With the cost of medical treatment ever on the rise, it is imperative that Claimants cooperate with the recommended medical care to optimize results, minimize the likelihood of repeat procedures, restore their health, and enable them to return to the workforce.
It is well-settled that the receipt of workers’ compensation benefits is conditioned upon Claimants undergoing necessary medical treatment and indemnity benefits may be suspended if the Claimant unjustifiably refuses treatment, until such time as the refusal is cured. But, can smoking be considered an unjustified refusal of medical care? The Court of Appeals addressed this issue in Shawnee Mgt. Corp. v. Hamilton, 24 Va. App. 151, 480 S.E.2d 773 (1997).
In Hamilton, the Court of Appeals held that the Claimant’s refusal to stop smoking cigarettes in order to undergo surgery, as required by her treating physician, constituted a refusal of medical treatment. In this case, the Claimant’s treating physician informed the Claimant that she must stop smoking altogether before he would proceed with corrective surgery. The Court held that there had been no evidence presented that the Claimant was so addicted to smoking that she could not stop, and, in fact, she testified that she had previously stopped smoking for eighteen months to undergo lumbar surgery. The Court held that “the Claimant’s decision to keep smoking, knowing it prevented her from having surgery, was no more or less than a decision not to undergo the medical treatment prescribed by her treating physician” and suspended her benefits.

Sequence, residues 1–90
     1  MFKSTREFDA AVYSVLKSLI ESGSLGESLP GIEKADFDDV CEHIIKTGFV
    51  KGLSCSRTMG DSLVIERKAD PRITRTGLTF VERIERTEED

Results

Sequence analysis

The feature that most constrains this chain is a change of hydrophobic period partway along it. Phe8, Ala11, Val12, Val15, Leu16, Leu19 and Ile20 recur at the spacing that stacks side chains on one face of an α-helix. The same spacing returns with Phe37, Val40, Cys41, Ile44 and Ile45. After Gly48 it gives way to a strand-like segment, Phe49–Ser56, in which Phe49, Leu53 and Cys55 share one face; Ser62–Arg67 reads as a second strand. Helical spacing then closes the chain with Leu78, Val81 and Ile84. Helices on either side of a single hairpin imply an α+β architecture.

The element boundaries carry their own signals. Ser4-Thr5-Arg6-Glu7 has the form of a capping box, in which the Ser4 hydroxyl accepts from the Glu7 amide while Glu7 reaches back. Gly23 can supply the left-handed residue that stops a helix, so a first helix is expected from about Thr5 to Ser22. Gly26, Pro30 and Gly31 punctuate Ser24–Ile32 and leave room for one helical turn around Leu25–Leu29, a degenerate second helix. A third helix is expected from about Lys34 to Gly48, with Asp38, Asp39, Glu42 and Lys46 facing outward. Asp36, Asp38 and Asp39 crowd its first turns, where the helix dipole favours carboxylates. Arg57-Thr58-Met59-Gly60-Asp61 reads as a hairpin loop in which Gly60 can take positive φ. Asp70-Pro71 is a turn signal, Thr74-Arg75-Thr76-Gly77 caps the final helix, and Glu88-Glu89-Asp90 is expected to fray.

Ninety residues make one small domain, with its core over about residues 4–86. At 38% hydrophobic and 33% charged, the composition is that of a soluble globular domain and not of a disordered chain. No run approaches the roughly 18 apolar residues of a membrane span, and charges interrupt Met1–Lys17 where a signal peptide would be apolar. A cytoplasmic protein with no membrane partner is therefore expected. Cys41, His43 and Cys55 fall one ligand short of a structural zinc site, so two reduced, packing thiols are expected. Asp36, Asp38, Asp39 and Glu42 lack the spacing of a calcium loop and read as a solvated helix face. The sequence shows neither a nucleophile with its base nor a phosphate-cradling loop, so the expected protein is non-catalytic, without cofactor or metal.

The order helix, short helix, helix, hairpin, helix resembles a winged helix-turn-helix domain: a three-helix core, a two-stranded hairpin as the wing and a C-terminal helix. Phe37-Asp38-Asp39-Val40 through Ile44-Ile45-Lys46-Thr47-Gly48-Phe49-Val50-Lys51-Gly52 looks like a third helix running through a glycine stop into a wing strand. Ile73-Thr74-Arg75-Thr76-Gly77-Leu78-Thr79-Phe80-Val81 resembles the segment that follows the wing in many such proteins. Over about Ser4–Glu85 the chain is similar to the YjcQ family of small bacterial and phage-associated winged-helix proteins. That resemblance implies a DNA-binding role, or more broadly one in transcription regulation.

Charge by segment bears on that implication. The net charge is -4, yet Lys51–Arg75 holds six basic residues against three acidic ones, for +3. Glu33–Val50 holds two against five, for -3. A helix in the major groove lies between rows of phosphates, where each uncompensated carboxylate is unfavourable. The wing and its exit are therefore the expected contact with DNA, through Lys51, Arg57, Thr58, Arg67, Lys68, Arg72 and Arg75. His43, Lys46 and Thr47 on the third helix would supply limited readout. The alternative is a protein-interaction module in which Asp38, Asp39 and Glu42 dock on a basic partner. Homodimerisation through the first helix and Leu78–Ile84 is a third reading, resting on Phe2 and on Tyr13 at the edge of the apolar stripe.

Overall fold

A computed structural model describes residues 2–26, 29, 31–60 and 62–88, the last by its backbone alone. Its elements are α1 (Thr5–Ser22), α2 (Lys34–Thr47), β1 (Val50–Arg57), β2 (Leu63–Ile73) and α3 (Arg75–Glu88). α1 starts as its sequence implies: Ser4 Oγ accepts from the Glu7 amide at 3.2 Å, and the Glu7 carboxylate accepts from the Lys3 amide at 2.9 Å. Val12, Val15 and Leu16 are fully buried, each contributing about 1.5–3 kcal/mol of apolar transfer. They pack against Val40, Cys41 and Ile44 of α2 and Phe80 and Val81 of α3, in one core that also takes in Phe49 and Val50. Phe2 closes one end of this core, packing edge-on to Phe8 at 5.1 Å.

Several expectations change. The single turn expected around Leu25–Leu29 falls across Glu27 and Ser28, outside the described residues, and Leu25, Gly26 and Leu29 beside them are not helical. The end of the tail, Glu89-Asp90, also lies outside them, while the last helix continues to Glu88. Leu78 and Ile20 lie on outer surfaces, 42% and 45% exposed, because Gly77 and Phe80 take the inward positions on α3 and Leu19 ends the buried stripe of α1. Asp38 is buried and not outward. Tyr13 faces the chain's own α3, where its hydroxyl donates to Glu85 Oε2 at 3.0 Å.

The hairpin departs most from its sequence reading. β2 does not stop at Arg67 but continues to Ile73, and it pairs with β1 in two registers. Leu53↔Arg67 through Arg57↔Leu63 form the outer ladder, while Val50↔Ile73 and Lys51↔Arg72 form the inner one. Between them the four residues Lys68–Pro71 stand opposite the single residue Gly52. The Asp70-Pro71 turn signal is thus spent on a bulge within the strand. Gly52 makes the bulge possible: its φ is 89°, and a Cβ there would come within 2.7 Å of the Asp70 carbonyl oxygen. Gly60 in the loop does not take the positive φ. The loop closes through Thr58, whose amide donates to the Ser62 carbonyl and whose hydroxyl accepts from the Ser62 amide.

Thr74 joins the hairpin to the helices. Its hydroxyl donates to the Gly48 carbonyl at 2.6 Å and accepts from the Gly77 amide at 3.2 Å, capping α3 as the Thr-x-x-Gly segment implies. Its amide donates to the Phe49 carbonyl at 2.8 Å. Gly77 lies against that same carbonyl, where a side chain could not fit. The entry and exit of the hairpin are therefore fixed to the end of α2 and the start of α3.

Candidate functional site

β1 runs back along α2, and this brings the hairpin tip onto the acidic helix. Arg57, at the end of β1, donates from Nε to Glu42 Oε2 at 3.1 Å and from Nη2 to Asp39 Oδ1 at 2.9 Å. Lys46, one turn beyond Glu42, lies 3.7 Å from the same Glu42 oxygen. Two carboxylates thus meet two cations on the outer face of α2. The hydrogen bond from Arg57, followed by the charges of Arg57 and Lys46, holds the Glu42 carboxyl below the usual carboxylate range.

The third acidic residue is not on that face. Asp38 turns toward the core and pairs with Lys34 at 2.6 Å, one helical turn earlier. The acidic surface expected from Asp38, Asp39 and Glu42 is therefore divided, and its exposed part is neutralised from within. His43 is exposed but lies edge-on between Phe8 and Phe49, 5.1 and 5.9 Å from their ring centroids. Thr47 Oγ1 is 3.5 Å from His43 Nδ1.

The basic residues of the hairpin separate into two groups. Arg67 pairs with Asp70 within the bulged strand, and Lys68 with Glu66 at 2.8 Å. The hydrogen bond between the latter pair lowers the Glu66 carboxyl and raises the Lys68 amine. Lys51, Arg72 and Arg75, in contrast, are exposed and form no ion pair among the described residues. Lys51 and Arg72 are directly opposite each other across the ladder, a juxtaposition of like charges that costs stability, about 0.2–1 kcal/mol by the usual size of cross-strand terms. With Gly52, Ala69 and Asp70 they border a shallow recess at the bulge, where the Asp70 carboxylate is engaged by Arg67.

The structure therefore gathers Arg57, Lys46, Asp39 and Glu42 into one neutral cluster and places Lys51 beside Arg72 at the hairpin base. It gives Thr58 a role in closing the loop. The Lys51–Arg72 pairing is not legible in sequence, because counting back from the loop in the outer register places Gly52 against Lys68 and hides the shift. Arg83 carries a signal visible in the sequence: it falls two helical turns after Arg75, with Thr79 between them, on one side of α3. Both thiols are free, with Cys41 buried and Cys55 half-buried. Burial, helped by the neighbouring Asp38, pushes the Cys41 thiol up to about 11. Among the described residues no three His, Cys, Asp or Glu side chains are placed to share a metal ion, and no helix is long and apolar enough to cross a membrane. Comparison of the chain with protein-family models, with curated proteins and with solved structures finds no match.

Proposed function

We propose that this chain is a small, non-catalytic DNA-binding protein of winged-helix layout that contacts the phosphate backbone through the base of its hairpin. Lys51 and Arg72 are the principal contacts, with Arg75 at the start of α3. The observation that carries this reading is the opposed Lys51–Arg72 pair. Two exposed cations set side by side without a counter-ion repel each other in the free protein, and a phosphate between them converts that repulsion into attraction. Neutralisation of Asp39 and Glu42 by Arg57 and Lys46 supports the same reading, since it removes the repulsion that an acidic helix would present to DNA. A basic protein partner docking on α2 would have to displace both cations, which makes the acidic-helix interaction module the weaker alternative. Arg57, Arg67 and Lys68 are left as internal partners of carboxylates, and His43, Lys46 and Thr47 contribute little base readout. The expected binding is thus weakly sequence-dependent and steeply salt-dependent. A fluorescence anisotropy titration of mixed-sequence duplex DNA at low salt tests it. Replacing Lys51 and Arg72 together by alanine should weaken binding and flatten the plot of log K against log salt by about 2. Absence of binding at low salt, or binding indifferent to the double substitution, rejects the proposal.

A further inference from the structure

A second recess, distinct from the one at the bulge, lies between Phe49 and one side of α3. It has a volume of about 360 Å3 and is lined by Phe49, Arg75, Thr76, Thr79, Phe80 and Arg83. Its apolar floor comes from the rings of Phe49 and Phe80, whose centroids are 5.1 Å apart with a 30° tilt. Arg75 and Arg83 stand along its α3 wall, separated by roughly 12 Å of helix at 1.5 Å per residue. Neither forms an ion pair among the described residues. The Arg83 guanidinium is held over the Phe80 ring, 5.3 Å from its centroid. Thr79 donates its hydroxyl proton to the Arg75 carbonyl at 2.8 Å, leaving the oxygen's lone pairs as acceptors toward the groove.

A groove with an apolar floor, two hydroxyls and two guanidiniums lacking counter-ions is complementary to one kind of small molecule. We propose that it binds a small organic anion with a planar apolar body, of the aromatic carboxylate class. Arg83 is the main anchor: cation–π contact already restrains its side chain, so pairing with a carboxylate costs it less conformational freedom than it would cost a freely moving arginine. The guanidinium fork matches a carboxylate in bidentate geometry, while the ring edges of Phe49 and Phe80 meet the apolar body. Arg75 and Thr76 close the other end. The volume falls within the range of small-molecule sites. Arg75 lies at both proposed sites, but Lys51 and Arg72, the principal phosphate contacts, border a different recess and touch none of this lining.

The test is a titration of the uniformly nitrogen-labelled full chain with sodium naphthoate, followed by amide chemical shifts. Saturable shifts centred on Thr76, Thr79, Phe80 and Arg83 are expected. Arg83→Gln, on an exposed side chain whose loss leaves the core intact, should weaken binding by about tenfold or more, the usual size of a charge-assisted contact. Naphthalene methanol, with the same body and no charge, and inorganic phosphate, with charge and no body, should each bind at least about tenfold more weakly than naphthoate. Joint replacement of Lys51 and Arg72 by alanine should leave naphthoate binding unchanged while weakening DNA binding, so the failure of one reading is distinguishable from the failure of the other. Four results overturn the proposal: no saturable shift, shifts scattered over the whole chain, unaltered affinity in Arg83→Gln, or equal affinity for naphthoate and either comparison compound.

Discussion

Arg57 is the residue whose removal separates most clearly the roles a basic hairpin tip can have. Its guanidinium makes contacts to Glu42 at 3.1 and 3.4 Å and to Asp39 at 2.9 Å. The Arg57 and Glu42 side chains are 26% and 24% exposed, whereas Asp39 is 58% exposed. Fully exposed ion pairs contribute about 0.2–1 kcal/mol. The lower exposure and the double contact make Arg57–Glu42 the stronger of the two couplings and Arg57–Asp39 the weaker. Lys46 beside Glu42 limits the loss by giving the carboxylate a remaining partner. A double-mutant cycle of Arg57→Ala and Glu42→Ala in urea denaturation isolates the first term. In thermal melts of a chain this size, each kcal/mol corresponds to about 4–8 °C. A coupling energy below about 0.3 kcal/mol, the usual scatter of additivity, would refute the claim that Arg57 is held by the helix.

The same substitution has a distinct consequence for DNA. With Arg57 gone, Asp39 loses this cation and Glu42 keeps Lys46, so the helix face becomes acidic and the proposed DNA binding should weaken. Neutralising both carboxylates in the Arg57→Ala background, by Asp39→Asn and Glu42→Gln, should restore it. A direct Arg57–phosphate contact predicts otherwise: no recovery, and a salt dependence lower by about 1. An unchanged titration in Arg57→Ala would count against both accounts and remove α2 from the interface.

Granting Hamilton another Hearing (en banc), the Court of Appeals reversed course and held that the Claimant’s unsuccessful effort to stop smoking was not a conscious or willful refusal to follow the treatment recommendations of her physicians. Rather, the evidence proved that the Claimant had made a good faith effort to end her habit and the employer had never offered nor had the claimant refused any medical treatment to assist her personal effort to stop smoking. In light of claimant's long history with cigarettes, the sizable reduction in her smoking, and her testimony that she had not abandoned her current effort to quit, credible evidence supported the commission's finding that claimant had not "refused" to comply with her physicians' directives to stop smoking. Shawnee Mgt. Corp. v. Hamilton, 25 Va. App. 672, 492 S.E.2d 456 (1997).
Recognizing that we are limited by the Claimant’s self-reporting regarding her smoking habit weighed against the frequency that we receive requests to pay for repeat surgery for Claimant’s who continue to smoke during recovery and suffer a non-union, it may be money well spent to consider approving a smoking cessation plan if it is recommended by the treating physician, especially if non-compliance with the plan is justification for an employer’s application to suspend indemnity benefits for failure to comply.